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Can't tell exactly from the picture but they look like male Redside shiners to me.  They do pretty well in cold water and high elevation lakes.

From the 3rd edition of "How to Know the Freshwater Fishes" by Samuel Eddy and James C. Underhill page 82:
"Redside Shiner Richardsonius balteatus (Richardson)  Dark above with silvery sides and belly, rosy in breeding males; 9-11 dorsal rays; anal rays more than 10 (16+)...  Length up to 6 inches.  [Native to] Colombia River drainage and Salt Lake Basin."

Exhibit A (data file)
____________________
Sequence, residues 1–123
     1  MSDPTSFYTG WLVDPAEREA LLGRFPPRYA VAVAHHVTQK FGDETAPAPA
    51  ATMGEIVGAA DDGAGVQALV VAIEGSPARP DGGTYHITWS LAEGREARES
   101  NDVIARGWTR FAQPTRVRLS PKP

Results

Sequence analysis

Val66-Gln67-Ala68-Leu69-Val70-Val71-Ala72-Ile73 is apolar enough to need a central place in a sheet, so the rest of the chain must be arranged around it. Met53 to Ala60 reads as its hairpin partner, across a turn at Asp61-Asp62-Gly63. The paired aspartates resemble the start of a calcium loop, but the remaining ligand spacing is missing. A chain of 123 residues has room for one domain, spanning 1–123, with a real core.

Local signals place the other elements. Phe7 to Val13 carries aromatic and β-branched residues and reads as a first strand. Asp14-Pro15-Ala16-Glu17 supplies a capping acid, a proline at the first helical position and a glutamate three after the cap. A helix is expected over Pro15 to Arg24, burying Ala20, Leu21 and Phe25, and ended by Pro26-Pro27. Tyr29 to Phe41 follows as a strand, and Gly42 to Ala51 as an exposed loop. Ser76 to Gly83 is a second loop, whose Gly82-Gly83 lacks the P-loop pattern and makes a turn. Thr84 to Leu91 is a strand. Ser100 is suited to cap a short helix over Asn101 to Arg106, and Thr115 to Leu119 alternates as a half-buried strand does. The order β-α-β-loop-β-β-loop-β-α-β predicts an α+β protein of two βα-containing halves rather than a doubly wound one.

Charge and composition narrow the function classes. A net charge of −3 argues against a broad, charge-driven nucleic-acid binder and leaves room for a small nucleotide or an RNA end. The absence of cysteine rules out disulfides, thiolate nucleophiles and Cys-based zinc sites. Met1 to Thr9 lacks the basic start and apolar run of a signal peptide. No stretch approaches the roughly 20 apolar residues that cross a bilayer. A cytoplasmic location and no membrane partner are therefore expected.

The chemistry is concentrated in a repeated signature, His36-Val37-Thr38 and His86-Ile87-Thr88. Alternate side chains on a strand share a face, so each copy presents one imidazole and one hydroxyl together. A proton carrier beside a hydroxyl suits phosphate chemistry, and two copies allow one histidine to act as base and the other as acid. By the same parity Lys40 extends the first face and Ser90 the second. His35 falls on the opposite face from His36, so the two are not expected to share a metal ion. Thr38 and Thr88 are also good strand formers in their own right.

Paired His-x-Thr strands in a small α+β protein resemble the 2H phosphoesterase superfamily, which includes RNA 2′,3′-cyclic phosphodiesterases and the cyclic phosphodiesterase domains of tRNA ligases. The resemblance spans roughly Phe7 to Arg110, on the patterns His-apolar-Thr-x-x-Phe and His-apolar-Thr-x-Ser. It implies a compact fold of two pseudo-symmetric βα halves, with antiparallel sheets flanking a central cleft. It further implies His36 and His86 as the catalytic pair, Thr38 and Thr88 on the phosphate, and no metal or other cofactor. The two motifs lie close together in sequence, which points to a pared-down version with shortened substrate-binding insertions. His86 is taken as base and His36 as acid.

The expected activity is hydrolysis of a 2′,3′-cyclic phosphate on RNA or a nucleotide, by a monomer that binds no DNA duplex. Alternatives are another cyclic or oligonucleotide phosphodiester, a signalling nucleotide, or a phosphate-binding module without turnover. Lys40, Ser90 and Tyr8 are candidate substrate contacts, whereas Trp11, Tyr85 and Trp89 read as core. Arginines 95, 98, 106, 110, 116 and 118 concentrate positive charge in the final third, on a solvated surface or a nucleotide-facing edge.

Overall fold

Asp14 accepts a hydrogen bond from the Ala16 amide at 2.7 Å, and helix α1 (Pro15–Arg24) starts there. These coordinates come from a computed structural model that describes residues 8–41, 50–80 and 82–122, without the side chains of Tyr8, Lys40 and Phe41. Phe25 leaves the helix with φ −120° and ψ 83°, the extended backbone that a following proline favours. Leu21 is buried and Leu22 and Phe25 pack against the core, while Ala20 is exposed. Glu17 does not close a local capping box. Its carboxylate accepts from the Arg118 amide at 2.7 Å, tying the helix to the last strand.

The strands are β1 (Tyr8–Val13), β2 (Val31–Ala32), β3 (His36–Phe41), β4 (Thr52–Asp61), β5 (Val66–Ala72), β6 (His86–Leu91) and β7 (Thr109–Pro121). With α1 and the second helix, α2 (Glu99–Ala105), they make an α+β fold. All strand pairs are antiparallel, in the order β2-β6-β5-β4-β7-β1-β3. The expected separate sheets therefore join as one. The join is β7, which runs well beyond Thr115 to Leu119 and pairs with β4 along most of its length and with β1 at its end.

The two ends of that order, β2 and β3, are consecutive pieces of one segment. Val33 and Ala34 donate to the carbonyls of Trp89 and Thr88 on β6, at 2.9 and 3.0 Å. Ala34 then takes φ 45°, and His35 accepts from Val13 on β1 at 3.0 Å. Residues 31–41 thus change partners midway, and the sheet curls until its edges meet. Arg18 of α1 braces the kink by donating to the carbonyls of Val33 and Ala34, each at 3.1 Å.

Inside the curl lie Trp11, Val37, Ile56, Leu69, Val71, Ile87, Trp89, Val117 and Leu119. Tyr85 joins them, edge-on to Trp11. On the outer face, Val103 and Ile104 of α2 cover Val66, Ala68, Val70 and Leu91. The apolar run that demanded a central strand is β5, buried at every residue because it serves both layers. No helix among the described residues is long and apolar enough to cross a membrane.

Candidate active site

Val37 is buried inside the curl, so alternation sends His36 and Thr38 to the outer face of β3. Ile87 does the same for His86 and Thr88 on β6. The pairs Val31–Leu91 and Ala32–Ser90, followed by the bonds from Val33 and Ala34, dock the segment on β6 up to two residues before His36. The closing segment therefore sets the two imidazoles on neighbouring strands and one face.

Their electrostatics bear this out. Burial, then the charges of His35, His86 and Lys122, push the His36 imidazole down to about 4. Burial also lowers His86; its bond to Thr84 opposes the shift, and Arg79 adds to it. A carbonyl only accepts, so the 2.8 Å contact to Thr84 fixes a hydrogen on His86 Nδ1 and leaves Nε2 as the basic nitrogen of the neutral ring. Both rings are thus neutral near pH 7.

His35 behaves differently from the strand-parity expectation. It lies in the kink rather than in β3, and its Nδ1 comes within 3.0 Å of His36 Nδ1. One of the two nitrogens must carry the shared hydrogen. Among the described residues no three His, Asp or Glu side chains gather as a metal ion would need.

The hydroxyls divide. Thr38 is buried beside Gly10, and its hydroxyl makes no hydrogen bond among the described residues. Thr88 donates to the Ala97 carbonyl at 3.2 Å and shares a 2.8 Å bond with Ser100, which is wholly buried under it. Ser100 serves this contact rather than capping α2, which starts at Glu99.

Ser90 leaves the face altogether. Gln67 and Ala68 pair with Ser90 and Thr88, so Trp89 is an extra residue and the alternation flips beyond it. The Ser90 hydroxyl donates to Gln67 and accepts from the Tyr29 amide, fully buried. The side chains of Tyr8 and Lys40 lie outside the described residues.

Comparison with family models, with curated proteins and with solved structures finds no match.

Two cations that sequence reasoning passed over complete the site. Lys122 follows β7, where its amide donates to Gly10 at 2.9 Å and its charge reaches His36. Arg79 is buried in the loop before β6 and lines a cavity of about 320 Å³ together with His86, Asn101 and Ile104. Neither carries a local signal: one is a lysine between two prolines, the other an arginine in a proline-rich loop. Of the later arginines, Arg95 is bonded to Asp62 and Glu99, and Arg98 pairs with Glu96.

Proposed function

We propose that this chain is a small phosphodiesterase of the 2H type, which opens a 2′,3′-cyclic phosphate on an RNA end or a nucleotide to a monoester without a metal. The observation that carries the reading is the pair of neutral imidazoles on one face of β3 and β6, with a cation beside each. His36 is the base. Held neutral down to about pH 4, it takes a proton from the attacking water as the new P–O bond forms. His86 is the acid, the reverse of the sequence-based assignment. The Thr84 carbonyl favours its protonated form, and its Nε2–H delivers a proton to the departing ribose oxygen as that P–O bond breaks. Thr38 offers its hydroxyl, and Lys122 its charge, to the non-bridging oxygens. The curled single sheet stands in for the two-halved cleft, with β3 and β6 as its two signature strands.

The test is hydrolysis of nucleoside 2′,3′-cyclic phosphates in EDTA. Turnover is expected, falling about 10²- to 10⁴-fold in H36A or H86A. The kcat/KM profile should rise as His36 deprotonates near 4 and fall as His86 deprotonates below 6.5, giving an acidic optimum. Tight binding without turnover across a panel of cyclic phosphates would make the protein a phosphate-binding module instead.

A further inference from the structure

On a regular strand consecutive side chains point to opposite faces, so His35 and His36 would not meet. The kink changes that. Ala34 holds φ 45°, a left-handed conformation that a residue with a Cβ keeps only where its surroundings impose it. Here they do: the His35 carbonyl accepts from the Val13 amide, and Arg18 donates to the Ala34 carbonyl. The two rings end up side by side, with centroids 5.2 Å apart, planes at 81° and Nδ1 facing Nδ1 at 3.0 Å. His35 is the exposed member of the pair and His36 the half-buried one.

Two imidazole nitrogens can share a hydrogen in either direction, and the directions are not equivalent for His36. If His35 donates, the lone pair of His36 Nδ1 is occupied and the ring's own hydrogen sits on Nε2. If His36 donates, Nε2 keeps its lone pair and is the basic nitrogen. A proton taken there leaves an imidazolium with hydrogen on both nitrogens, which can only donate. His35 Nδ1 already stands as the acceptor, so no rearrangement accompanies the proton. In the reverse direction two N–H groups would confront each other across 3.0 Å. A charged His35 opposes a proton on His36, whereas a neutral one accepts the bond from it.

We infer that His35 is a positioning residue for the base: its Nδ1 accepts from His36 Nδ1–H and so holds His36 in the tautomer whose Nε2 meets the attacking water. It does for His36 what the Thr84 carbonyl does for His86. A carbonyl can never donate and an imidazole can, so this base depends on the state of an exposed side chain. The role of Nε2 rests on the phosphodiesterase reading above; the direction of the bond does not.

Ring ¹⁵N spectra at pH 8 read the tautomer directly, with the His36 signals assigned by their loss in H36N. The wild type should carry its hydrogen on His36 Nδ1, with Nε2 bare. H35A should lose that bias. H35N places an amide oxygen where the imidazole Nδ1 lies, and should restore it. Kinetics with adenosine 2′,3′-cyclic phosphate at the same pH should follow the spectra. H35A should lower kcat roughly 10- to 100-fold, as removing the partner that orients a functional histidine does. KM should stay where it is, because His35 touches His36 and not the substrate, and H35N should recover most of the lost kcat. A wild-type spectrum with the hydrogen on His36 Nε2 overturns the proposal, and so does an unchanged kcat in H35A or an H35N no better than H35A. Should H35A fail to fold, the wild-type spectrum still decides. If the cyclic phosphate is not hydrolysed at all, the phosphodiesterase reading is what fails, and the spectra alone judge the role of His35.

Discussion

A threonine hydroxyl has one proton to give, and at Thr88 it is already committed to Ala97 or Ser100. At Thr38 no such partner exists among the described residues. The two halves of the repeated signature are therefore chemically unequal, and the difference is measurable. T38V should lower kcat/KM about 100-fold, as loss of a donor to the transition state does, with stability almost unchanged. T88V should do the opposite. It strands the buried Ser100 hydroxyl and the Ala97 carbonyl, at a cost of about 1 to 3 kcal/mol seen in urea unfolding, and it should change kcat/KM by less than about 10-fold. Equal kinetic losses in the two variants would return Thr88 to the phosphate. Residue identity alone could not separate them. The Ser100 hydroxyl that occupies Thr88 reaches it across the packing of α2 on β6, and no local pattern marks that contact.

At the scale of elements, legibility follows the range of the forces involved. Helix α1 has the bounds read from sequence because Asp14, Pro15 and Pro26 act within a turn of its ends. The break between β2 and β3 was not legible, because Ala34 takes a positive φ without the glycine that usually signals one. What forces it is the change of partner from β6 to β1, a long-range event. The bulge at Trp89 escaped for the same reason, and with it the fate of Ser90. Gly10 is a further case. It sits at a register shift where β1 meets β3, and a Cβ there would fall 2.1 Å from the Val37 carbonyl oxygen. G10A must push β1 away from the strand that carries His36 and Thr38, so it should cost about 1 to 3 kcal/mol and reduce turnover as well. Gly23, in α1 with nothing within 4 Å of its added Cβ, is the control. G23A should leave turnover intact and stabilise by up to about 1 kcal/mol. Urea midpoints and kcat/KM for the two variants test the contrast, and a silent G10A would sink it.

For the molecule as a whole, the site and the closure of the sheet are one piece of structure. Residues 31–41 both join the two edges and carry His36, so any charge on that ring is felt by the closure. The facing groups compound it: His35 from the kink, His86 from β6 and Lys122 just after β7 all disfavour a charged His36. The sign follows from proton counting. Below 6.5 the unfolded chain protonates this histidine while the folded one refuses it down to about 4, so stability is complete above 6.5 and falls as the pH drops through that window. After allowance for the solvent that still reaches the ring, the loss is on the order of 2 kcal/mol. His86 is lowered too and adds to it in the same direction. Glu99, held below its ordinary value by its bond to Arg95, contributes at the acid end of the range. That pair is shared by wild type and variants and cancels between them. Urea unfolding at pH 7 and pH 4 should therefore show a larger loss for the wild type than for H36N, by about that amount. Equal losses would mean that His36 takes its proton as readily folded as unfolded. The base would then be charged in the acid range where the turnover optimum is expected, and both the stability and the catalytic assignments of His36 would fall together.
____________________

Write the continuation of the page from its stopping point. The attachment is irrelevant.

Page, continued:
I know that in Scofield Reservoir in Utah these have been introduced either by bait bucket or "bucket biologists"--illegally either way.  I was there last weekend and the shiners were THICK! They compete with young trout for food and are known to eat trout eggs and fry.  Larger trout will feed on them, but they're next to impossible to get rid of without poisoning the whole lake.

Utah has a chub problem in some lakes too.  Strawberry has Utah chubs over a pound that get caught pretty regularly by trout fishermen, but the hope is that the high number of large cutthroats will keep them in check.
They look similar to a Red belly dace but at 6" these are twice as long as the largest dace.

Out of curiosity, what kind of predatory fish are in Pearl Lake?

http://fwp.mt.gov/fieldguide/detail_AFCJB39010.aspx
 
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